Oil on canvas board
Image size: 7 ½ x 6 ½ inches (19 x 16 cm)
Old label on the reverse stating
Dr Callcott by his brother Sir A. W. Callcott
This painting was used for the frontispiece for David Baptie’s 1896 “Sketches of the English glee composers”
More information lower down
John Wall Callcott was a musician, and brother of Sir Augustus Wall Callcott. He was born at Kensington on the 20th of November 1766. At an early age he frequently went to Kensington church, where his father was employed to carry out repairs, and the impression he received on hearing the organ of that church seems to have roused his love for music. The organist at that time was Henry Whitney, from whom Callcott received his first musical instruction. He did not, however, choose music as a profession, as he wished to become a surgeon. But on witnessing a surgical operation he found his nervous system so seriously affected by the sight, that he determined to devote himself to music.
His intimacy with Dr Arnold and other leading musicians of the day procured him access to artistic circles. He was deputy organist at St George the Martyr, Queen Square, Bloomsbury, from 1783 to 1785, in which year his successful competition for three out of the four prize medals offered by the “Catch Club” soon spread his reputation as composer of glees, catches, canons and other pieces of concerted vocal music. The compositions with which he won these medals were – the catch “O beauteous fair,” the canon “Blessed is he,” and the glee “Dull repining sons of care.” In these and other similar compositions he displayed considerable skill and talent, and some of his glees retain their popularity to the present day. In 1787 Callcott helped Dr Arnold and others to form the “Glee Club.”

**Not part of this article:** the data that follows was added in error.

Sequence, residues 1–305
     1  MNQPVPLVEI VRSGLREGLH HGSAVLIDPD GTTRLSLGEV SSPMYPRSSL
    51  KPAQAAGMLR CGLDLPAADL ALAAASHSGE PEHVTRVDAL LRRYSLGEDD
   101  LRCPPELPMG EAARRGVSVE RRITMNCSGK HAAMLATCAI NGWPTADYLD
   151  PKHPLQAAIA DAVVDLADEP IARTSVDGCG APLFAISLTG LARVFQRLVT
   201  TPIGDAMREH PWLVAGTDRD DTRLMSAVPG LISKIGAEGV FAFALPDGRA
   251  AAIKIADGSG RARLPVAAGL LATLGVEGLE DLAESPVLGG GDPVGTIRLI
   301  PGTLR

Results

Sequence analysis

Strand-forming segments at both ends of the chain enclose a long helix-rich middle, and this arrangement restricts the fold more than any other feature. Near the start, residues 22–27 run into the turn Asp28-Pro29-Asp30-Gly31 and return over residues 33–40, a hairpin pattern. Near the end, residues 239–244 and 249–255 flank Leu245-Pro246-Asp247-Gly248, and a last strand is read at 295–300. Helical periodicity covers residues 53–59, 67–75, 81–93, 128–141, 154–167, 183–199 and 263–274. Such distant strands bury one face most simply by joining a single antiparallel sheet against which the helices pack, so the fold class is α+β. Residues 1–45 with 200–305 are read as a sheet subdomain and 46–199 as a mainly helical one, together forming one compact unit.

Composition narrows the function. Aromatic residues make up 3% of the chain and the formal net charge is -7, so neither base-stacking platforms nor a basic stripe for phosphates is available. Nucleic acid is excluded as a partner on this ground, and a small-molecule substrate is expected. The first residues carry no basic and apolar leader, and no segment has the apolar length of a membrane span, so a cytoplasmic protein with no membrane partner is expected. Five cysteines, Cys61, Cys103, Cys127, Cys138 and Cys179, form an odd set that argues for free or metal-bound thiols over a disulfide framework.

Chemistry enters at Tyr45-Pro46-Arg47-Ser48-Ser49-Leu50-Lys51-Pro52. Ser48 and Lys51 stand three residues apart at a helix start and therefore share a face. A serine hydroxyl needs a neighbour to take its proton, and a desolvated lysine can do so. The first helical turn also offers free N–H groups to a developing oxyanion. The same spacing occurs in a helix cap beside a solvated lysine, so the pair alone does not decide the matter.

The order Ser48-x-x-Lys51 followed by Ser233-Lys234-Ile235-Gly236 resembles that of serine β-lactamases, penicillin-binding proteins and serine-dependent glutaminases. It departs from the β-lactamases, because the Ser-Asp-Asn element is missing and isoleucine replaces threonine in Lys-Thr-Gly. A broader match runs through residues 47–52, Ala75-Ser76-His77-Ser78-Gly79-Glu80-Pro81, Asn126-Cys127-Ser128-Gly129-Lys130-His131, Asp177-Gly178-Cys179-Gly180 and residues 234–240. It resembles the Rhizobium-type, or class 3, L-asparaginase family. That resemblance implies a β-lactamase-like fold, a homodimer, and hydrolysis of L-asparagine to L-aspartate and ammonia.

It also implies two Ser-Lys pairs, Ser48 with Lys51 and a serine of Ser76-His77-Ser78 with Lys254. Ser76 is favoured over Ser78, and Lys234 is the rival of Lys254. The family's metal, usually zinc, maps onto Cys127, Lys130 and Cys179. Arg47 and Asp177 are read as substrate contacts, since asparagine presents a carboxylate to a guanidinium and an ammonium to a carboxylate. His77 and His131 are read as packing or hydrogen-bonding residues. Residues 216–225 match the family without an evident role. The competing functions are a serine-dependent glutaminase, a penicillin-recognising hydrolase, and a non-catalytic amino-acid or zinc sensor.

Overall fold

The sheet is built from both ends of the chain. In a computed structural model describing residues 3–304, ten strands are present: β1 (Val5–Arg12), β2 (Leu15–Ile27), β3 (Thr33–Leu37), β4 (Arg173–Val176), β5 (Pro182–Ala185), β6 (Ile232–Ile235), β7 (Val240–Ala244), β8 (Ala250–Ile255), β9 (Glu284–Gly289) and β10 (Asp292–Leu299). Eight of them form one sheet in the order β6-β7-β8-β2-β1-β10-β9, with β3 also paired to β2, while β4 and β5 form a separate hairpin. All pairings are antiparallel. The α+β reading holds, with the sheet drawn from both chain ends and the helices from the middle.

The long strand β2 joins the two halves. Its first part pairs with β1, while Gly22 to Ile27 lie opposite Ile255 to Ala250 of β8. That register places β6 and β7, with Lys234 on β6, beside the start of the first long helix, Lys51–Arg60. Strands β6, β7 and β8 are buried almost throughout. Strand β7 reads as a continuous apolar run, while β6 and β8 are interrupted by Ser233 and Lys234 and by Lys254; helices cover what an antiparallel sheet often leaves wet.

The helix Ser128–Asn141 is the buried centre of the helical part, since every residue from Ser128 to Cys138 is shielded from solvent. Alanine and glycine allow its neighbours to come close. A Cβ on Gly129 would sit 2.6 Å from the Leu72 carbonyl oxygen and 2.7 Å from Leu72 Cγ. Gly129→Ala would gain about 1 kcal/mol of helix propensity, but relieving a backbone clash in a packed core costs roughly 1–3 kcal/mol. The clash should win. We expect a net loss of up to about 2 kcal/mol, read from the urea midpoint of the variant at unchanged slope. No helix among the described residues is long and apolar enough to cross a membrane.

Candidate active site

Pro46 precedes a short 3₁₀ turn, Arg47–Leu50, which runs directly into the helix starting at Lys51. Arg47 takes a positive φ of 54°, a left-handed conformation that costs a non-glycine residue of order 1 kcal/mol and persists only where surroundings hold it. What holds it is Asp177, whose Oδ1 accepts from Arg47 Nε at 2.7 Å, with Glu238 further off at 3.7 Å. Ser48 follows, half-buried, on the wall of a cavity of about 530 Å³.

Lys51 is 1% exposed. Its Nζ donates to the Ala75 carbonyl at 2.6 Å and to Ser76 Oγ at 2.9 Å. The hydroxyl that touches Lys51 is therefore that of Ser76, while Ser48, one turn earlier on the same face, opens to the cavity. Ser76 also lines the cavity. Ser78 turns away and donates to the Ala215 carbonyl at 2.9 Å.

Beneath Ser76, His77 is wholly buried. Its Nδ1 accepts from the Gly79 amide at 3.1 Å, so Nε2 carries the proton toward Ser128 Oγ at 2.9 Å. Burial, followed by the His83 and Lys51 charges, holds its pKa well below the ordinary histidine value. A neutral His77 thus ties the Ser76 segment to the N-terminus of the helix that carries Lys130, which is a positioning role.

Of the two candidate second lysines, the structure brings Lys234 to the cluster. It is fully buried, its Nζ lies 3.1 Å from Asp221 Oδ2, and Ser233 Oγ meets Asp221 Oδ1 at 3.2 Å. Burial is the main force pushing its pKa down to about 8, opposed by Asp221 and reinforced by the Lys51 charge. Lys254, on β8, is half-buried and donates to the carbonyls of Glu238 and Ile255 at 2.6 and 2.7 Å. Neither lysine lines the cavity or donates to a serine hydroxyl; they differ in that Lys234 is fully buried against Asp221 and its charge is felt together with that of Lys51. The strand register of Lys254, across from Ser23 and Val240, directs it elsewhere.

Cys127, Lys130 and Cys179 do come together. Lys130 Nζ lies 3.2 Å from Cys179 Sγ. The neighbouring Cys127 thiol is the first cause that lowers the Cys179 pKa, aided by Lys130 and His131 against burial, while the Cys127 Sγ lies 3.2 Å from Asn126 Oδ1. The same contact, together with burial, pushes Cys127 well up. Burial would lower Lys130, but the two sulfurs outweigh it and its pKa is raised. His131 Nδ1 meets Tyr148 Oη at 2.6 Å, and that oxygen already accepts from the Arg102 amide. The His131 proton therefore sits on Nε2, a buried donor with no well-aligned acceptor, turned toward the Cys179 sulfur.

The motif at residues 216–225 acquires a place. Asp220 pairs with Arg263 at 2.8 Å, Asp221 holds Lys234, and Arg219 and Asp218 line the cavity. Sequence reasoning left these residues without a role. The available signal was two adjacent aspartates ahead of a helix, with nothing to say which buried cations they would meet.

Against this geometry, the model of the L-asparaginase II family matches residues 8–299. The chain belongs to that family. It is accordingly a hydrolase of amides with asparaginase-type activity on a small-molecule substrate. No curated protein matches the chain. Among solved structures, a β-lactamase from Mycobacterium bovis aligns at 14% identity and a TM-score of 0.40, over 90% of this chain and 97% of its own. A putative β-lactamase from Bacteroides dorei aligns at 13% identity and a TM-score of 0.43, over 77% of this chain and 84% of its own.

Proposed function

In 1789 he became one of the two organists at St Paul’s, Covent Garden, and from 1793 to 1802 he was organist to the Asylum for Female Orphans. As an instrumental composer Callcott never succeeded, not even after he had taken lessons from the Austrian composer Joseph Haydn. Of far greater importance than his compositions are his theoretical writings. His Musical Grammar, published in 1806, was long considered the standard English work of musical instruction, and in spite of it being antiquated when compared with modern standards, it remains a scholarly and lucid treatment of the rudiments of the art. Callcott was a much-esteemed teacher of music for many years. In 1800 he took his degree of Mus.D. at Oxford, where fifteen years earlier he had received his degree of bachelor of music, and in 1805 he succeeded Dr Crotch as musical lecturer at the Royal Institution.
Towards the end of his life his artistic career was twice interrupted by the failure of his mental powers. He died at Bristol after much suffering on the 15th of May 1821. A posthumous collection of his most favourite vocal pieces was published in 1824 with a memoir of his life by his son-in-law, William Horsley, himself a composer of note.
Callcott’s son, William Hutchins Callcott (1807-1882), inherited to a large extent the musical gifts of his father. His song, “The last man,” and his anthem, “Give peace in our time, 0 Lord,” were his best-known compositions.